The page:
Yea. There were a few different communities, I’d say. There were people who frequented web forums like The Shizz, which is run by this band Minibosses—a lot of really talented musicians hung out there, some of whom I went on to work with in the future, and some of whom still work in games and are doing really good work. I met my friend Eirik Suhrke, who goes by Phlogiston, there. We went on to start a net label called Pause, and we ran that for maybe six years. Eirik went on to score a bunch of games, like Spelunky, Ridiculous Fishing, Super Crate Box, and Downwell, which has done really well.
So these musicians who were inspired by games and game music eventually moved the forefront of composing and recording game music. That’s similar to what happened with New Wave Cinema in France in the ’60s, when critics became auteurs. How did that transition happen in the game music community? How did it happen for you?
My understanding of it was that there were these segmented communities getting into independent game development at around the same time. Indie game development has been a thing for as long as games have been a thing, but at that point—nine or 10 years ago—some of the indie developers became more well-established. The same thing was happening with the chip music community, which was something that I sort of stumbled into. I wasn’t really a part of it, per se, I just knew some people who did that kind of music, and in my quest to learn more about it, I started going to shows. I learned that there was a pretty substantial community in New York. There were only a couple of websites at that point that hosted these music communities—there was a site called 8Bitcollective, where people would upload their music and get feedback. I met a lot of people through that site.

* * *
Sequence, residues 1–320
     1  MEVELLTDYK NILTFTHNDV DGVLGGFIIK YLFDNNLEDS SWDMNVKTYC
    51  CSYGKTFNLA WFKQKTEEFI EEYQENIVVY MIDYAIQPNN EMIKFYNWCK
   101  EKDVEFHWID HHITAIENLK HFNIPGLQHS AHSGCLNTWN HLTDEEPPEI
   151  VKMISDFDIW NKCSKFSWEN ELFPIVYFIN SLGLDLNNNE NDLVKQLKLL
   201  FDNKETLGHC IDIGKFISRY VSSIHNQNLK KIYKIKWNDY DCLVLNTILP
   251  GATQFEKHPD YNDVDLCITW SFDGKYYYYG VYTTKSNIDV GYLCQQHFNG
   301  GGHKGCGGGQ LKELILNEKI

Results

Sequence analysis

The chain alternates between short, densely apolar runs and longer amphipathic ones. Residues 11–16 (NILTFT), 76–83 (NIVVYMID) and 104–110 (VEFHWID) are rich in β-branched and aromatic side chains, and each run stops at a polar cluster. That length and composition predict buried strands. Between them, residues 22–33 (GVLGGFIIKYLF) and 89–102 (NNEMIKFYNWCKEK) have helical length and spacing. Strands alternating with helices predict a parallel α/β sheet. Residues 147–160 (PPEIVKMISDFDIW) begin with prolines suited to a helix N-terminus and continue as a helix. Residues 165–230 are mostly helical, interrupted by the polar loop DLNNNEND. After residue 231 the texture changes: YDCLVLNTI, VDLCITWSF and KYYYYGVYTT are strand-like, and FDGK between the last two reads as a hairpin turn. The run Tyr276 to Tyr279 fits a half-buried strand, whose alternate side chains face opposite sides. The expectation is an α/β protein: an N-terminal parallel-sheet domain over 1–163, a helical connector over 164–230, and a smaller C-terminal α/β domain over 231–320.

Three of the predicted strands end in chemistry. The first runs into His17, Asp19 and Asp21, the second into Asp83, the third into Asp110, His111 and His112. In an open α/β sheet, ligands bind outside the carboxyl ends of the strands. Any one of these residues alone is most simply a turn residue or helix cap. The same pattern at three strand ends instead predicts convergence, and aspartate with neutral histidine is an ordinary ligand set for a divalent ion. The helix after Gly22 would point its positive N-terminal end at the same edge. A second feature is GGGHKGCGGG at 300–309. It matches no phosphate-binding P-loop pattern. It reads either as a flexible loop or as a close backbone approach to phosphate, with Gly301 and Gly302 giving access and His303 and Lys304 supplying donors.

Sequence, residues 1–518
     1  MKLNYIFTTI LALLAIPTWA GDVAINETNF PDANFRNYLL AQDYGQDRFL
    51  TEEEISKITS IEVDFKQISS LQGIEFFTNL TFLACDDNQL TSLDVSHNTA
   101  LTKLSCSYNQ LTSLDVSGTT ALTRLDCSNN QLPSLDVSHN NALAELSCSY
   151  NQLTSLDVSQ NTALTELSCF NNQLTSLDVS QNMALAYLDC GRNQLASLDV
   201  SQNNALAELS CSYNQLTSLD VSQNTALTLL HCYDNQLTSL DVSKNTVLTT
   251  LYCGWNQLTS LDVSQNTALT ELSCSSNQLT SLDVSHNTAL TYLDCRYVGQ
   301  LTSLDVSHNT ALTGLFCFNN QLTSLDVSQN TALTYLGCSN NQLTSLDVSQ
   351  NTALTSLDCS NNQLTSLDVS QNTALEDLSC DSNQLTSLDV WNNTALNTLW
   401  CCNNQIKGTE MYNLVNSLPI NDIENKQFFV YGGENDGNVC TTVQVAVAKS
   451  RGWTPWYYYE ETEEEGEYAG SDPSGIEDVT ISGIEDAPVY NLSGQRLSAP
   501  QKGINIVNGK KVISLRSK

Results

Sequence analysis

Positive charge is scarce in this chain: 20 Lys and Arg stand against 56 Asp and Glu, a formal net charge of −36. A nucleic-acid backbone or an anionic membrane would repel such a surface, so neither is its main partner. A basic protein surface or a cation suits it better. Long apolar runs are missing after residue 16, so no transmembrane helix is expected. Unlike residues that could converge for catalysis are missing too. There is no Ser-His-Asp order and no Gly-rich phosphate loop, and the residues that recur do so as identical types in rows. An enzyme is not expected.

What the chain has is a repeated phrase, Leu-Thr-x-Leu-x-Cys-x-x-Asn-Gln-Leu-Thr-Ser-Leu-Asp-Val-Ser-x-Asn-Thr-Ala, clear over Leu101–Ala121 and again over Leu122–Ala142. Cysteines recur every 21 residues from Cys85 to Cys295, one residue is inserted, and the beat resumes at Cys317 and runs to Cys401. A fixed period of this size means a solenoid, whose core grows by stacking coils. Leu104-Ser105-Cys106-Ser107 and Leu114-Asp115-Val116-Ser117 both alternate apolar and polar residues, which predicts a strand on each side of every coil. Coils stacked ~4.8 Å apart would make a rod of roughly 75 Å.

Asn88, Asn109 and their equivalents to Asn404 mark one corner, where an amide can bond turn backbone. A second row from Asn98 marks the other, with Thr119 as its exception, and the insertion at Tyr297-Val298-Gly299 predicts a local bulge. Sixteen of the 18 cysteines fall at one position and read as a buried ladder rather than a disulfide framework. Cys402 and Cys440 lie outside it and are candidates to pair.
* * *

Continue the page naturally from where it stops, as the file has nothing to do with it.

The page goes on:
I don’t remember exactly how I stumbled into the independent game community. I got a couple of gigs doing music for mobile game projects, before smartphones. They didn’t lead to any more work, but they did inspire me to want to work on games. When I first went to Berklee College of Music we had a club called the Video Game Music Club, and we would meet up once a week and talk about music and games, and about events happening in Boston, which is where I lived. I found about the Game Developer’s Conference, which I went to while I was in college, and I think that’s where I found out about TIGSource, which was a really important independent game website. A lot of the people who made really important games were frequenters of that community: the people behind Minecraft, Fez, Spelunky, Super Meat Boy, etcetera.
So those two communities—indie game makers and chip musicians—just collided at some point.
Yeah, they just had so much in common. A lot of people who were just interested in chip music as an art form—a lot of those people wound up working on games. It’s a really good marriage. It just makes sense. I enjoyed working on games, so I sought it out. But at some point, they started to seek me out. I was doing live chip shows, and game developers would come to shows, and they’d find me that way.
It sounds like Fez was a pretty epic undertaking, both for the developers and for you.
It was definitely the turning point of my career. It wasn’t particularly difficult for me, actually. It was the perfect project at the perfect time. A lot of times, when you work for hire, you’re trying to mold yourself to fit the needs of someone else’s project. But for Fez, I didn’t have to do that at all. I haven’t had to look for work since then, and that was like five years ago.
Were you playing different builds of the project as it was coming along?